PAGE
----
Non sign II sculpture
Picture taken Sept. 2011

What do racial profiling, dating and security guards have in common?

Sizing someone up in a matter of seconds; that's the job of a border guard.  Police officers have a similar job.  The folks that society places in positions of "screening people" have a difficult task.  This process may be similar to what happens at a singles bar, or in a job interview.  First impressions speak loudly.  Looks makes a big difference in this situation.  No wonder people complain about racial profiling.  Race can be the first thing one notices, in a matter of seconds.  Trying to stop race from being a factor is like halting the tides; it isn't likely to happen.  Those who think they can stop it are probably wasting their energies.

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The real problem may not be racial profiling, it is TIME.  Yes, time.  We put our guards and police officers in the absurd situation of having to determine if someone is trustworthy in a matter of seconds.  It doesn't really work.  Things would be better if there was time for the person, at the check point, to get to know each human being who passes through.  Only then could we get beyond such superficial issues as looks.  Only then could we find out about the real person inside.

Flowers at Peace Arch Park near Blaine, WA. on the US. Canadian border.

Good idea, but the line going through the checkpoint would be incredible!

This says something about the speed of our society.  There are too many situations where thousands of strangers pass through a checkpoint.  There are not enough situations where folks actually sit down and take the time to listen and get to know someone.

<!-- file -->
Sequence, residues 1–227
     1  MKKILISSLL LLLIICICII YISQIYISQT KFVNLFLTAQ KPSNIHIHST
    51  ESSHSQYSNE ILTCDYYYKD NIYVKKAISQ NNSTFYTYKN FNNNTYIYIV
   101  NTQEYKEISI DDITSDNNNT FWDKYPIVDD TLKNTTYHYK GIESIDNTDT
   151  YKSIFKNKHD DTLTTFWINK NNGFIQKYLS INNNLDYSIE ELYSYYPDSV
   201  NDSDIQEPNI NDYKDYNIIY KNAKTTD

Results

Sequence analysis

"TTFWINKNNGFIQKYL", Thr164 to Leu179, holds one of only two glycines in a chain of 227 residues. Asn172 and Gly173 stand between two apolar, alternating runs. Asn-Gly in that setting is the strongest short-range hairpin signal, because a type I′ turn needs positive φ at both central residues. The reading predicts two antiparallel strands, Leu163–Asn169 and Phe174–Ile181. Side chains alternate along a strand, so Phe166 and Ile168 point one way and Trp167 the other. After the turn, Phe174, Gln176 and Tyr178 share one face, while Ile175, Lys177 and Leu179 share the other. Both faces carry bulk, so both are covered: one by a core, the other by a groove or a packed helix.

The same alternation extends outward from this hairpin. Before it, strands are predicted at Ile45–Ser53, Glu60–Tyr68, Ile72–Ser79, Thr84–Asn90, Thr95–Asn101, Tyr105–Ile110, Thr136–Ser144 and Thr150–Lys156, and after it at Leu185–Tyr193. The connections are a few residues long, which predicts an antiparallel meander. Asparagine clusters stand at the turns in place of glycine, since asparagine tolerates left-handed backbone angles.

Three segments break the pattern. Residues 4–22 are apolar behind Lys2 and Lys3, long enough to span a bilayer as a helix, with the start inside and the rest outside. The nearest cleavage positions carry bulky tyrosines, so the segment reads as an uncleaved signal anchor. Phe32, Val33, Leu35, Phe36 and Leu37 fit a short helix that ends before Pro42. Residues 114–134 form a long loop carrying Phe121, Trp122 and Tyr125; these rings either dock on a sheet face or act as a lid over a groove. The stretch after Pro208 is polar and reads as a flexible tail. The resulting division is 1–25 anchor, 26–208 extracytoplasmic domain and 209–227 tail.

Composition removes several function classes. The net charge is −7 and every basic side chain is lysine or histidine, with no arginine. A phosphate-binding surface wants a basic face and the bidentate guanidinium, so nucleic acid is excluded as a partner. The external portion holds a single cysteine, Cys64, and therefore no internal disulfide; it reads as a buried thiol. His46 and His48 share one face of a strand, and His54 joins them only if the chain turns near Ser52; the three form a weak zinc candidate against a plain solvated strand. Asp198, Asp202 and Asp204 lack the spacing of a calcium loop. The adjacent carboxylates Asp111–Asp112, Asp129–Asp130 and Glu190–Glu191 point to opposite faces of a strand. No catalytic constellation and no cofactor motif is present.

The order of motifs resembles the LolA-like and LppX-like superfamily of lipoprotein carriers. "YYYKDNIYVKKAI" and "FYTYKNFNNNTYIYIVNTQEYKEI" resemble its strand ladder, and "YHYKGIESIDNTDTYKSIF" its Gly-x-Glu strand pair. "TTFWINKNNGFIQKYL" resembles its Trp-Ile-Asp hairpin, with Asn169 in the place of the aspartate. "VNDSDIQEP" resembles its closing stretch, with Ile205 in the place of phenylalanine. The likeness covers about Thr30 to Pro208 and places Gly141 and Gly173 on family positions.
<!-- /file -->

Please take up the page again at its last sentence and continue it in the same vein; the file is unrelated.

Sizing people up in a matter of seconds is problematic weather one is looking for a possible date, going through hundreds of job applications or asking a few questions at the border.  Can one really get any understanding of another person this way? 

Peace Arch stands on the border.
Bicycling usually means I get to bypass the line of cars and use customs check point for pedestrians.

If we can ever figure out how to "slow down" and get more depth in our conversations, maybe we will truly discover that the person who looks different is truly a good human being.  Slowing down may be too much to ask of people.  We don't want the lines at the border, or getting onto an airplane, to become miles long.  On the other hand, it seems like we will not be able to rid ourselves of such afflictions as racial profiling unless we start figuring out how to put more time into the situations we pass through.

Canadian maple leaf in flowers of park.

See also:

Bellingham area tour

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